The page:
Applied Microbiology and Biotechnology, Vol.102, No.4, 1769-1782, 2018
14-3-3 proteins are involved in growth, hyphal branching, ganoderic acid biosynthesis, and response to abiotic stress in Ganoderma lucidum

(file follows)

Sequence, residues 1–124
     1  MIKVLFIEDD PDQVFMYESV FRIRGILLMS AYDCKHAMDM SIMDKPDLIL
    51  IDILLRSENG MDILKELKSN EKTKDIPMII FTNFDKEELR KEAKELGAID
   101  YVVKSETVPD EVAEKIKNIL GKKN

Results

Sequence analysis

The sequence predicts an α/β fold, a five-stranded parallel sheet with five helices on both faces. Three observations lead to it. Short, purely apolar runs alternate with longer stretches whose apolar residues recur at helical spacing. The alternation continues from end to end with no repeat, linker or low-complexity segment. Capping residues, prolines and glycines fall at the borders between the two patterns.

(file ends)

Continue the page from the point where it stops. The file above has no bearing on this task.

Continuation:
Ganoderma lucidum, which contains many pharmacologically active compounds, is regarded as a traditional medicinal fungus. Nevertheless, the scarcity of basic research limits the commercial value and utilization of G. lucidum. As a class of highly conserved, phosphopeptide-binding proteins present in all eukaryotes, 14-3-3 proteins play vital roles in controlling multiple physiological processes, including signal transduction, primary metabolism, and stress responses. However, knowledge of the roles of 14-3-3 proteins in Basidiomycetes is sparse. In this article, two homologs of 14-3-3 proteins, encoded by the two distinct genes GlBmh1 and GlBmh2, were distinguished in G. lucidum. We found that GlBmh1 and GlBmh2 were expressed at various developmental stages, including in vegetative mycelium cultivated on solid medium and in primordia and fruiting bodies. Moreover, we constructed GlBmh1 single-silenced strains, GlBmh2 single-silenced strains, and 14-3-3 double-silenced mutants for further study. When GlBmh1 and GlBmh2 were inhibited by RNA interference, the growth rate of mycelia was decreased, and the distance between the aerial hyphal branches was reduced; responses to various abiotic stresses such as oxidants and cell wall and osmotic stressors were also changed. Furthermore, the contents of secondary metabolite ganoderic acids (GAs) were increased after GlBmh1 and GlBmh2 were simultaneously silenced. Taken together, we provide evidence that implicates potential roles for the two 14-3-3 proteins in affecting growth and GA biosynthesis, thereby providing new insights into the basic functions of 14-3-3 proteins in G. lucidum.